The Origins of Thanksgiving | Wisconsin Historical Society

Historical Essay

The Origins of Thanksgiving

It's not What You Might Think

The Origins of Thanksgiving | Wisconsin Historical Society
EnlargeA man takes pleasure in the carving of the Thanksgiving turkey, with other food items in the foreground and vending machines behind him.


A man takes pleasure in the carving of the Thanksgiving turkey, November 25, 1965, Milwaukee Journal Sentinel, Milwaukee. View the original source document: WHI 11717

Few holidays seem as uniquely American as Thanksgiving. We all carry images in our heads of grandparents' over-flowing tables, grammar school classrooms decorated with paper turkeys and romanticized Pilgrims and Indians feasting together harmoniously at Plimoth Plantation.

Edward Winslow's Account

There are only two textual sources for the origin of Thanksgiving. The first is a letter by a Pilgrim named Edward Winslow included as chapter six of Governor William Bradford's "Relation or Journal of the Beginning and Proceedings of the English Plantation Settled at Plimoth in New England..." printed in London in 1622. Winslow wrote to a friend back in England (modernized here):

"Our harvest being gotten in, our governor sent four men on fowling, that so we might after a special manner rejoice together after we had gathered the fruit of our labors. They four in one day killed as much fowl as, with a little help beside, served the company almost a week. At which time, amongst other recreations, we exercised our arms, many of the Indians coming amongst us, and among the rest their greatest king Massasoit, with some ninety men, whom for three days we entertained and feasted, and they went out and killed five deer, which they brought to the plantation and bestowed on our governor, and upon the captain and others. And although it be not always so plentiful as it was at this time with us, yet by the goodness of God, we are so far from want that we often wish you partakers of our plenty."

They did have reason to be thankful, after all. The colonists had arrived at the tip of Cape Cod just as winter set in towards the end of 1620. The volunteers who went in a small boat to find a suitable village site were entirely cased in ice at times. They nevertheless came upon Plymouth Harbor directly across Massachusetts Bay, where they quickly started building shelter. That first winter about half of them perished from exposure, disease or malnutrition. When spring finally came and they could start planting, their much-admired leader, John Carver, collapsed in the fields and died. With the help of local Indians they managed to raise, gather and harvest enough food to plant their little Utopia on a more solid, though still fragile, footing.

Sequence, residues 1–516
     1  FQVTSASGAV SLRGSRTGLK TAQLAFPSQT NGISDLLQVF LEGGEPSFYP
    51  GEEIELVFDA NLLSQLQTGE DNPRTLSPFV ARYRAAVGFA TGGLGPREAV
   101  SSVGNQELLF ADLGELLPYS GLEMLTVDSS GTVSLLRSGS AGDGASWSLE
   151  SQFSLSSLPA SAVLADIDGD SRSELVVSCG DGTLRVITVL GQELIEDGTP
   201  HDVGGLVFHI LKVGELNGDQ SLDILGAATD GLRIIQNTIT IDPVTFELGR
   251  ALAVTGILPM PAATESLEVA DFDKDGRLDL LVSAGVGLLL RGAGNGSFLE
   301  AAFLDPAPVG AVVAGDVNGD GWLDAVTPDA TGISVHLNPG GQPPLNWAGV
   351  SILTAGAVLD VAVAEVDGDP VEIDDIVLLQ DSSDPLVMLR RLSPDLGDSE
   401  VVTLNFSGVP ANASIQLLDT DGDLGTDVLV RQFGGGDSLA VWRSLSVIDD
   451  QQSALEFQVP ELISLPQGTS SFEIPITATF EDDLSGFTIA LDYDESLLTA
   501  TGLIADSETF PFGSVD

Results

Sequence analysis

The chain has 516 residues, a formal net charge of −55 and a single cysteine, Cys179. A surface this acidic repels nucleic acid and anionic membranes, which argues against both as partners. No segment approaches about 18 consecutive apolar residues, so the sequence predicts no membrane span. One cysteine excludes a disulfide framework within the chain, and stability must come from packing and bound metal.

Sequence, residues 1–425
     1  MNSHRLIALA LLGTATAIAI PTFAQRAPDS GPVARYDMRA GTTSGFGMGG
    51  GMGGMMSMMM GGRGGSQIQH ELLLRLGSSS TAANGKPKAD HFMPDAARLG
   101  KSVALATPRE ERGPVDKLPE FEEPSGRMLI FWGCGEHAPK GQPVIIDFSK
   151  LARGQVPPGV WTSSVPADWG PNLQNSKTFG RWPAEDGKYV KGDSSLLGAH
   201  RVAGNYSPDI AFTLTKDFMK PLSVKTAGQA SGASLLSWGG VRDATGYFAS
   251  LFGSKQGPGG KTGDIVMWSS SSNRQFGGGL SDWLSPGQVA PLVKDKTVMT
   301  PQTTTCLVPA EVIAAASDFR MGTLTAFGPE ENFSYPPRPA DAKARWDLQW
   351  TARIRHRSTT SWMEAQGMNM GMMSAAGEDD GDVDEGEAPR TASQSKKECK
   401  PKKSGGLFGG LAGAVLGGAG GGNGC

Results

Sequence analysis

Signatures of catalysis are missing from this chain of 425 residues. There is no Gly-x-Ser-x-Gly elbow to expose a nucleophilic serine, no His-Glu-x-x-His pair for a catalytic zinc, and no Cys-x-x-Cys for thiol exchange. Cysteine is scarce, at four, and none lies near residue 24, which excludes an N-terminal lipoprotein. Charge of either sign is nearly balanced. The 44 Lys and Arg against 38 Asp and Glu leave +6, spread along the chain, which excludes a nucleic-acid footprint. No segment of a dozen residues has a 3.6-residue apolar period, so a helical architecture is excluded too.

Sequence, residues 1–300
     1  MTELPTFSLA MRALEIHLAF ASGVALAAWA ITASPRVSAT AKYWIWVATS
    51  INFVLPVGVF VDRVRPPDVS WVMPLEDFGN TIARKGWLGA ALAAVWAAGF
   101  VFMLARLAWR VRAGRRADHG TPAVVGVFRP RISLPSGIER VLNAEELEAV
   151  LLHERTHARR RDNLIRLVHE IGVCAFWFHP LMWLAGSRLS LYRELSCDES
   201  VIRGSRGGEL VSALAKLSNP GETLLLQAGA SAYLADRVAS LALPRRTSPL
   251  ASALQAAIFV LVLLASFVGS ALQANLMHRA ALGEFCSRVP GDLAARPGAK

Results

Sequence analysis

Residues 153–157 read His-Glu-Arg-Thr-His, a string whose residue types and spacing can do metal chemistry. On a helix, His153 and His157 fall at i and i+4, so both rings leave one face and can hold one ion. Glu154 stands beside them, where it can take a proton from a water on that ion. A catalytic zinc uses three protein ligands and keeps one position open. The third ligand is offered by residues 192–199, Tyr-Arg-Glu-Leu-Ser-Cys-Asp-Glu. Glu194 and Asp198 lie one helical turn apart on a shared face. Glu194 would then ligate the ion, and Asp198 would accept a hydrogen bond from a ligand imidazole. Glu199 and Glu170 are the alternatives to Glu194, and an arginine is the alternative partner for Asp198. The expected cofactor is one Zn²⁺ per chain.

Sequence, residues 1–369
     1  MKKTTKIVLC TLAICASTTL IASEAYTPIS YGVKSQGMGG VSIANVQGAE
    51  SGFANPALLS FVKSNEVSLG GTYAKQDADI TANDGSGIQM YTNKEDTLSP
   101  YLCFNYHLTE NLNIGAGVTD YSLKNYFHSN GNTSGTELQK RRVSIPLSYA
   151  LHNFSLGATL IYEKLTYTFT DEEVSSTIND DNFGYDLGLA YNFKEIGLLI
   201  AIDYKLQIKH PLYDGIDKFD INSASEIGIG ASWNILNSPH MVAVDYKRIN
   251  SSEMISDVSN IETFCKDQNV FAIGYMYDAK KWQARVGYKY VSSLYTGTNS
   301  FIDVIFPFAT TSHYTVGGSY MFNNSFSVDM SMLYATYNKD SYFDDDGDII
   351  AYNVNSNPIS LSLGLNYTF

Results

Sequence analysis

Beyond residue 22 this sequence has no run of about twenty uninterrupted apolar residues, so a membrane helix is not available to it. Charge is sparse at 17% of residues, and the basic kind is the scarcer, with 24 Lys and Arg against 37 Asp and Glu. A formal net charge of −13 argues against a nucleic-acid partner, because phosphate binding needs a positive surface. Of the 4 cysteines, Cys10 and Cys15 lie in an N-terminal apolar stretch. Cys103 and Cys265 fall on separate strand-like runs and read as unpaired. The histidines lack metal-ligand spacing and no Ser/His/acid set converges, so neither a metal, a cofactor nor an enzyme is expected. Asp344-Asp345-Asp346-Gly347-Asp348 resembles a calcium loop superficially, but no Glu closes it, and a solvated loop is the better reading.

William Bradford's Version

EnlargeKindergarteners at Dudgeon School in Mrs. Virginia Price's class make a pumpkin pie.

Preparing for Thanksgiving

Kindergarteners at Dudgeon School in Mrs. Virginia Price's class make a pumpkin pie. Ready to add the egg is Nancy Olmstead, manning the beater is Julie Duckwitz, Marcia Kampen measures the pumpkin, while Larry Elliott spoons the pumpkin from the can and Mike Ivens measures the milk. November 23, 1952, Madison. View the original source document: WHI 34423

Twenty years later their governor, William Bradford, described the autumn of 1621 this way in his "History Of Plimoth Plantation." We've modernized the spelling here from his original manuscript, as first printed in 1898 and included in our American Journeys digital collection:

"They began now to gather in the small harvest they had, and to fit up their houses and dwellings against winter, being all well recovered in health & strength, and had all things in good plenty. As some were thus employed in affairs abroad, others were exercised in fishing about cod, & bass, & other fish, of which they took a good store, of which every family had their portion. All the summer there was no want. And now began to come in store of fowl, as winter approached, of which this place did abound when they came first (but afterward decreased by degrees). And besides waterfowl, there was a great store of wild turkeys, of which they took many, besides venison, &c."

That's all the evidence we have about the first Thanksgiving  two brief paragraphs.

On this slender foundation was erected a grand mythology about the value of hard work, nature's bounty, religious freedom, material prosperity and multicultural harmony. It makes one wonder where writers such as this 1930 Madison author got their facts.

At the time, Thanksgiving was presented in public discourse as a celebration of the nation's roots, as if the Pilgrims who landed at Plymouth in 1620 had been the first Americans. The mythologizers conveniently overlooked the French and Spanish at St. Augustine in 1565, the conquistadors who founded New Mexico in 1598, the English themselves at Jamestown in 1607, and the French founding of Quebec in 1608 — never mind thousands of years of American Indian history in North America.

Modern Celebrations

In recent decades Thanksgiving evolved away from this romanticized pseudo-history popular in our childhoods. True, it has become largely a commercial holiday  the start of the Christmas shopping season — rather than a time for gratitude and devotion. It has also become a day known for excessive self-indulgence, old-fashioned gender roles, televised football and somnolent uncles in armchairs. But at least we're honest about those customs, and don't have to idealize them into something more palatable.

And, more optimistically, Thanksgiving has become an annual occasion for generosity. The 30 days from Thanksgiving to Christmas are not just the peak retail season; they are also the peak season for charitable giving, for which we can all be thankful.

Learn More

See more images, essays, newspapers and records about Thanksgiving.